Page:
Brandon Connette

Report: Former Duke QB to visit Fresno State


Former Duke quarterback Brandon Connette is looking to move closer to his family back home for his final year of eligibility. Fresno State needs a starting quarterback. The two could be a match just waiting to seal the deal according to a report.

Connette will visit Fresno State next week and is expected to make a transfer official as soon as possible, according to Jeremy Fowler of Connette will be eligible to play right away this fall if he transfers because he is scheduled to graduate from Duke this spring. After scoring 27 touchdowns for the Blue Devils in a season that ended with an appearance in the ACC Football Championship Game and Chick-fil-A Bowl against Texas A&M, Connette is simply looking to get closer to home after his mother underwent surgery in December to remove a brain tumor.

As far as football is concerned, Connette could benefit from getting a chance to play in Fresno State’s system as well. He may not be the next Derek Carr, who leaves Fresno State having rewritten the record book during his collegiate career, but a chance to open things up in the passing game in Fresno State’s offense could help improve in the passing game.

Connette appeared in 13 games for the Duke Blue Devils in 2013. He completed 62.1 percent of his passes for 1,212 yards and 13 touchdowns. He was intercepted six times but also was a solid contributor on the ground with 337 rushing yards and 14 rushing touchdowns. He could bring some of that to Fresno State as well. Fresno State has just five offensive starters returning in 2014. Connette would not be a complete plug for the Bulldogs, but he would be a solid addition to an offense looking to replace big players at key positions on offense.

In Baker Mayfield, Texas set to face yet another QB who wanted to be a Longhorn

Baker Mayfield
Associated Press
1 Comment

Jameis WinstonJohnny ManzielAndrew LuckRobert Griffin IIIJ.T. Barrett. Oh, don’t mind me. Just recounting the number of quarterbacks with ties to the Texas football program that never received a sniff from Bevo’s famous snout.

Add another to the list, perhaps the most inexplicable of all: Baker Mayfield.

Mayfield played at Lake Travis High School in Austin, a powerhouse program in a state that specializes in them. Lightly recruited out of high school (he reportedly held only an offer from Florida Atlantic), Mayfield and his family reached out to the nearby program to see if they’d take him as a walk-on.

They said no.

“They told us he had five scholarship quarterbacks, so there wasn’t any need of ‘Bake’ coming out there,” James Mayfield, Baker’s father, told George Schroeder of USA Today. “I popped off that they had five scholarship quarterbacks that couldn’t even play for Lake Travis. That’s where our relationship stalled out.”

On one hand, it utterly boggles the mind why Texas would decline a successful high school quarterback willing to pay his own way on to the team, especially considering the state of the position at the time. On the other, one would see why Mack Brown‘s staff would pass on a kid with only an offer from FAU who says UT’s quarterbacks couldn’t start for his high school team.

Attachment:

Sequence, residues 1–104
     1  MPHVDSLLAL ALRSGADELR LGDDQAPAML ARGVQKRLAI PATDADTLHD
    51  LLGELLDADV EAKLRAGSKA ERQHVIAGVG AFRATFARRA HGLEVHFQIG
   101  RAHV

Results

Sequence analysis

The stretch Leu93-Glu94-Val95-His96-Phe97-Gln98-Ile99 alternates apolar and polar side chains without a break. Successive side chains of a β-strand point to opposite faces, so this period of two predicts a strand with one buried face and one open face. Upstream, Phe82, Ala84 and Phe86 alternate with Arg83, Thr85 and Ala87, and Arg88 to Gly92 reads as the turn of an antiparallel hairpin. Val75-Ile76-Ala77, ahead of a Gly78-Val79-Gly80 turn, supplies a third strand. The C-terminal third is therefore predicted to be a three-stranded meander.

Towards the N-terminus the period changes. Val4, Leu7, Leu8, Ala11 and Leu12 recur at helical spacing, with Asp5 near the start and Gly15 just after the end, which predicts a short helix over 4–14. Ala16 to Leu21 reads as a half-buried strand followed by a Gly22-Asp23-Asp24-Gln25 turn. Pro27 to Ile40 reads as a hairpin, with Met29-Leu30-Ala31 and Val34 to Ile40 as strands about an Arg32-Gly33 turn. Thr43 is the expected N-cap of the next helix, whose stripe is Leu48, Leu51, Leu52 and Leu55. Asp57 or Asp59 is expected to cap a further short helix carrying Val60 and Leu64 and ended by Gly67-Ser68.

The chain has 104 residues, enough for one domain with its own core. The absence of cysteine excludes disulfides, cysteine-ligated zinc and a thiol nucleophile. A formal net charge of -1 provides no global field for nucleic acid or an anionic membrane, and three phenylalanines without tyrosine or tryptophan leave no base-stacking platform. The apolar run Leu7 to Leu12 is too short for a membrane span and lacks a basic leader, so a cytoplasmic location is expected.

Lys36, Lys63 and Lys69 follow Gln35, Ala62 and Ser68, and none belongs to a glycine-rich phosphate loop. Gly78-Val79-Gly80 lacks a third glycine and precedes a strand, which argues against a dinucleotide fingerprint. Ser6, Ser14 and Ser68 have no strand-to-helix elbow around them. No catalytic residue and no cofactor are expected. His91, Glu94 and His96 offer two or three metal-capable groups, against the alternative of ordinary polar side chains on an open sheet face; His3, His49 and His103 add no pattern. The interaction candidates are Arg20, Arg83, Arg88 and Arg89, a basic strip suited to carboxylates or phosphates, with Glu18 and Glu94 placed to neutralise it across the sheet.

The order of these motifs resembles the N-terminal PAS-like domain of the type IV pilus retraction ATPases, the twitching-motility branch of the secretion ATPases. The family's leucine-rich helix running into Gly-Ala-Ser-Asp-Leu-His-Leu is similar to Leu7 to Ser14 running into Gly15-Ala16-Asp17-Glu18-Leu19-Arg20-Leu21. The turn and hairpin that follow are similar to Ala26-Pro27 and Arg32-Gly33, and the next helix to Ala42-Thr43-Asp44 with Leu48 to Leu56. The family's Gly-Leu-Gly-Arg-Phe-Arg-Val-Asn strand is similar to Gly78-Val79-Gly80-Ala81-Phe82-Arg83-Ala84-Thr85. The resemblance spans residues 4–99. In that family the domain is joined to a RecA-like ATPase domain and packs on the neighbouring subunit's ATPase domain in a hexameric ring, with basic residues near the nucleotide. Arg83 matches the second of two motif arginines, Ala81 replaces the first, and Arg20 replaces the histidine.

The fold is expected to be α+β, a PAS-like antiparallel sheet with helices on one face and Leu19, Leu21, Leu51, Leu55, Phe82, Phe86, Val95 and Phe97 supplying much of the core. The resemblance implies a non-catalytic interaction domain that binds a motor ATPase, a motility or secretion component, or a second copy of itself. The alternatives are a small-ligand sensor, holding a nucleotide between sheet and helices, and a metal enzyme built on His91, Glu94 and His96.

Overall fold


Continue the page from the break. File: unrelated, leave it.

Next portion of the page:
Instead, Texas signed Tyrone Swoopes and Mayfield enrolled at Texas Tech. He won the starting job as a true freshman, transferred to Oklahoma, walked on and then won the starting job there.

And now he’s set to face the hometown team he at one time wished he could play for.

Mayfield has completed 88-of-135 throws for 1,382 yards with 13 touchdowns and three interceptions – good for a 178.52 passer rating, which ranks fifth nationally – while adding 138 yards and four scores on the ground. His counterpart, redshirt freshman Jerrod Heard, has connected on 42-of-76 passes for 661 yards with two touchdowns and two interceptions (131.74 passer rating) to go with a team-leading 67 carries for 318 yards and three touchdowns.

“As perverse as all this has been, he’s where he wanted to be,” James Mayfield said. “He’s living his dream. If he had to do it all over again, he’d do it, with the same outcome.”

Appalachian State announces five-year extension for head coach Scott Satterfield

Scott Satterfield
Associated Press

One day after it was revealed its head coach was the second-lowest paid in college football, Appalachian State announced a five-year contract extension for head coach Scott Satterfield.

“We have the right coach leading our football program in Scott Satterfield,” Appalachian State AD Doug Gillin said in a statement. “In nearly three years as head coach, he has stayed true to his convictions, built the program the right way and set Appalachian State football up for sustainable success both in the Sun Belt Conference and at the national level.”

Satterfield had earned $375,000 annually, ahead of only Louisiana-Monroe’s Todd Berry at $360,000 a year.

Satterfield, 42, is 14-14 in his third season at the Boone, N.C., school. He led the Mountaineers to a 7-5 mark in their debut Sun Belt season, and has the club at 3-1 to start the 2015 campaign.

“It’s exciting for my family and me to know that we’re going to be at Appalachian for the foreseeable future,” Satterfield added. “I’m living a dream by being the head coach at my alma mater and can’t wait to continue to work hard to help this program reach heights that it has never reached before.”